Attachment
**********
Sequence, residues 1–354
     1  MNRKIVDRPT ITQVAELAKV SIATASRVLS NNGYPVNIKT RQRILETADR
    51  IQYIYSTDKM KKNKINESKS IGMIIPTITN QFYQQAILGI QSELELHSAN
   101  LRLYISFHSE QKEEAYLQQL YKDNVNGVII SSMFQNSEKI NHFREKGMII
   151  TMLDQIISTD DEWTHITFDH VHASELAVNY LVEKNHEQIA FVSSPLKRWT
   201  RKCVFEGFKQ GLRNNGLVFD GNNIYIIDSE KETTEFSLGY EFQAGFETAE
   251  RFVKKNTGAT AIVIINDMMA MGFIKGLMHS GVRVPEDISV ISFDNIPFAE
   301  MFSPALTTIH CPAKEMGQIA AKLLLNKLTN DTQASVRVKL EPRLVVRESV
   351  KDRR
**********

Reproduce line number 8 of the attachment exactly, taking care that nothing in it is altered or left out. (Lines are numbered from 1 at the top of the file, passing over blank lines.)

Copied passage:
   301  MFSPALTTIH CPAKEMGQIA AKLLLNKLTN DTQASVRVKL EPRLVVRESV